Washi or Japanese paper is a delicate, painstaking and patient art of processing raw materials, and then pressing, drying, separating and cutting that can only be done effectively by hand. Those who have developed the skills don’t only make washi sheets for for commercial use but have gone on to create modern art. One encouraged and celebrated form of washi art is the “akari” art or washi lamps.
Every year in mid-October, Mino City displays washi lamp art along the main Udatsu street in the center of the city. In the off season, many of these lamps are kept in the Mino Washi Akari Art Museum just around the corner from the former Imai residence.
The museum building was constructed in 1941 and in 2005, it was registered as a Nationally-designated Tangible Cultural Property. The interior still has a 1940s feeling but has been remodeled with hinoki wood.
After showing my ticket to the reception, I proceeded to the galleries located on the second floor. The gallery is made of dark windowless rooms that have been designed to convey a feeling of an autumn evening along the udatsu lined streets. Lamps line the sides of the walls with light glowing up and out to reflect the image of the Akari Festival.
The lamps on display are made by a wide range of artists. Some are local professionals whose families have been making washi for generations while others are made by local youth who have started their journey. But the lamps are not exclusively created by Japanese nationals. Mino City hosts artists from around the world wishing to learn the art of paper making. These artists come to Mino city for a year or more to learn the trade with the goal of contributing to the lamp gallery and the tradition.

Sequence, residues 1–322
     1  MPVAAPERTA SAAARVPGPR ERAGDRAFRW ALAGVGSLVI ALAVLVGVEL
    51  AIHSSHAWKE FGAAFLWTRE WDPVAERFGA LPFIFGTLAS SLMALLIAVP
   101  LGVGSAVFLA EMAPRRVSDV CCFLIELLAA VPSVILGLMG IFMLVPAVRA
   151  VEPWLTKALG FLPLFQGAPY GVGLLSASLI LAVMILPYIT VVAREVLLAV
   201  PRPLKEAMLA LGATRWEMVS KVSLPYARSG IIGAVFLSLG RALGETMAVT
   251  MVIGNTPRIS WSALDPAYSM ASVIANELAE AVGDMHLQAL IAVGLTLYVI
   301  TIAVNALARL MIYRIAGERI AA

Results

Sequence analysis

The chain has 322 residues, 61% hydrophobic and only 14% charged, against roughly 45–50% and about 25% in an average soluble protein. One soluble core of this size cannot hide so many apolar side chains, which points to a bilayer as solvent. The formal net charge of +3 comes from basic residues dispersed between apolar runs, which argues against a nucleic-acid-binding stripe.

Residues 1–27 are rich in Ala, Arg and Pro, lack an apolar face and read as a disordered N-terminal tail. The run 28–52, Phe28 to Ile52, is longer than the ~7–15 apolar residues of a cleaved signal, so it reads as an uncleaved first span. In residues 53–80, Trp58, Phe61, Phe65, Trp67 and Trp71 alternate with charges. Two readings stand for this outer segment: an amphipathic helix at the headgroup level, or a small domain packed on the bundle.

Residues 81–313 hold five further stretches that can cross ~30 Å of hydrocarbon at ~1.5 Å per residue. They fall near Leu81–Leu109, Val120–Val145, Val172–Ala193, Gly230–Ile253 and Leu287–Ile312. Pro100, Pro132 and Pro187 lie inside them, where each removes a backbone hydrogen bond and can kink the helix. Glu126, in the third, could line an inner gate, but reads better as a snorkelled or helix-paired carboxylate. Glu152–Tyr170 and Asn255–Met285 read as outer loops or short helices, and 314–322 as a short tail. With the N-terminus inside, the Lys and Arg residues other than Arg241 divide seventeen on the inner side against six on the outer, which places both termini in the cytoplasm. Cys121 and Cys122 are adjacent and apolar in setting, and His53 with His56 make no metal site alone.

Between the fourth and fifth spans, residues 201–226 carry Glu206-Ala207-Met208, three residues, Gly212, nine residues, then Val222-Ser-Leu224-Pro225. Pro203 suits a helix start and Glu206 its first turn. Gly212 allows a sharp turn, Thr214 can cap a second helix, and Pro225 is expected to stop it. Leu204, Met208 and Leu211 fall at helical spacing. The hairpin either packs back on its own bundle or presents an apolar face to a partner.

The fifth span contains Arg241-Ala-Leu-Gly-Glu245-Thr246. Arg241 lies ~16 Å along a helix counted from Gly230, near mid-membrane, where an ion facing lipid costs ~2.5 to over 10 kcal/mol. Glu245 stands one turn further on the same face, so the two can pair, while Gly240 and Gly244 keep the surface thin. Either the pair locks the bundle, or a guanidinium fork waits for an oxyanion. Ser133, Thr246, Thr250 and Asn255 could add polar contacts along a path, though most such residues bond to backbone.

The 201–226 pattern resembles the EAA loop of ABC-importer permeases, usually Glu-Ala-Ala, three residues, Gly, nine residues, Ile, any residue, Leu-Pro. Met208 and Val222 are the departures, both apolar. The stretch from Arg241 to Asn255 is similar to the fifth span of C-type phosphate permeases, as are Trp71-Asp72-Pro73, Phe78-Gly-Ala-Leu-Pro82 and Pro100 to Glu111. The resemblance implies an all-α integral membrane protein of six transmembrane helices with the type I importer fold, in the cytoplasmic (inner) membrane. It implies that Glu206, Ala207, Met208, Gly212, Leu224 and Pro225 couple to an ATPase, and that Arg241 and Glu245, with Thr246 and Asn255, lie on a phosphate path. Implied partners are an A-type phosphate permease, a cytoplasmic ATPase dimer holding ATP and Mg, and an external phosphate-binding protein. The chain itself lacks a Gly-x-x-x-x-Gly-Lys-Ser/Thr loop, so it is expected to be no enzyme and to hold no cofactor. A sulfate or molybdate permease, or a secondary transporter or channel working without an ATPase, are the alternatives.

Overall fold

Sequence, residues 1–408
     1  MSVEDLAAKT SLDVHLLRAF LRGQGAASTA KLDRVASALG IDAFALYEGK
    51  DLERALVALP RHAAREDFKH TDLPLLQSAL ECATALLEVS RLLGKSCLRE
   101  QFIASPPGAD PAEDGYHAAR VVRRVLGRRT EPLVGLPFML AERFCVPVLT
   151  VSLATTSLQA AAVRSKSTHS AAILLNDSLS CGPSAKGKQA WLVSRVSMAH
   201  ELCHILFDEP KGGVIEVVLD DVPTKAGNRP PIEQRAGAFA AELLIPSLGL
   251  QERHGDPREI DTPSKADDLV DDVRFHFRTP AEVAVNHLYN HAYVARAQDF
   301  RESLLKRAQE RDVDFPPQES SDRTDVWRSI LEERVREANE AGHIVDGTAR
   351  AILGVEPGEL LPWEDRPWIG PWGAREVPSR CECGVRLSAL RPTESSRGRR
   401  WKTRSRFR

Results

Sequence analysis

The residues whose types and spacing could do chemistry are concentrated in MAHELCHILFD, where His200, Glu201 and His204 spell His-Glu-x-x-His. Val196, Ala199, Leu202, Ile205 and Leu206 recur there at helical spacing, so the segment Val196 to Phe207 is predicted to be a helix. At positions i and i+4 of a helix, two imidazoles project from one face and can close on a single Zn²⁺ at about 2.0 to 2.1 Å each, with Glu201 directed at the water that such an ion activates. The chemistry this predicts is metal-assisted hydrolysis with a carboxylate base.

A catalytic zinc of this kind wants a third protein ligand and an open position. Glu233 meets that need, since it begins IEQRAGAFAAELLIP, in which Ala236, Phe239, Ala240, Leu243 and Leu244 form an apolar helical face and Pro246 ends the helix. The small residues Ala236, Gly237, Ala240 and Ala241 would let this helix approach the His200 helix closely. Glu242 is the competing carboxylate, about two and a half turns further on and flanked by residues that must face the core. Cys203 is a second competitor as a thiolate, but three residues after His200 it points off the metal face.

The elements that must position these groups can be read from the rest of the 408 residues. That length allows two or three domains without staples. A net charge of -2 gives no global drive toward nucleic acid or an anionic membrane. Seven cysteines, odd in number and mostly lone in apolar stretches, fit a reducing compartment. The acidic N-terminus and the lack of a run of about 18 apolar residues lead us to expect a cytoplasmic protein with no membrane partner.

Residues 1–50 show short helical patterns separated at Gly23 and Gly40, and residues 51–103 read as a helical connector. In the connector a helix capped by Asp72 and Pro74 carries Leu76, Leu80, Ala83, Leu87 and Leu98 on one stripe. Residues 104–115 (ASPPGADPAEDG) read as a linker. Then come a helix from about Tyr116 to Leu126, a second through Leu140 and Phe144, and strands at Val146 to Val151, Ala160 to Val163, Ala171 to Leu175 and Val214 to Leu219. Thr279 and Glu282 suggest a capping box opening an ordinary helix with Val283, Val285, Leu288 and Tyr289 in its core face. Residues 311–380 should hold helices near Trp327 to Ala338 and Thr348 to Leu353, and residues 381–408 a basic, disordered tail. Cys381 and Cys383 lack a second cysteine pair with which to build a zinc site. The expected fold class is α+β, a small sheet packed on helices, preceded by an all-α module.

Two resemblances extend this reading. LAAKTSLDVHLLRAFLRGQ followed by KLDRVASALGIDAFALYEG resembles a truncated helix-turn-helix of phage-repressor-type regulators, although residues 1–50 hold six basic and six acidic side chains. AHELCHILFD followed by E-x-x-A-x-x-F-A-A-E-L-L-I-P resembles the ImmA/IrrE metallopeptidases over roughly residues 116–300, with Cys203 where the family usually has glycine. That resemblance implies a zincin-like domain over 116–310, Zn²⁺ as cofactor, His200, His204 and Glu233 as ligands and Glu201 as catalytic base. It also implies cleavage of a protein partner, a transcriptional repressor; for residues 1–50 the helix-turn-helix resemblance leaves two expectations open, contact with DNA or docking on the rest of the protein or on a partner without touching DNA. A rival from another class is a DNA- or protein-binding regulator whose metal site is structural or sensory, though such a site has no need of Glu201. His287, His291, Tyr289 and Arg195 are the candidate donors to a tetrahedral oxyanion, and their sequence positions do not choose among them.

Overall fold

As I ventured through this gallery, I was taken by the details of print on the washi and the folds made to create complex designs. Having tried making washi once, I couldn’t imagine how much time it took to make these flowery and complex structures. When I came across one made by an 3rd grade student from an Elementary school, I was in awe of their dedication to the art and community. She had created a statue of sorts in the Nebuta style from Aomori prefecture of a woman making washi.
After leaving the gallery, you return to the first floor which includes the museum shop offering a variety of washi products ranging from basic washi sheets to lamps.
You can see washi lamps out along the streets most of the year but they are not usually lit up most evenings. If you aren’t able to make it to Mino in October, then visit the Mino Washi “Akari” art gallery to see these remarkable creations in a simulated environment. It will light your heart and mind.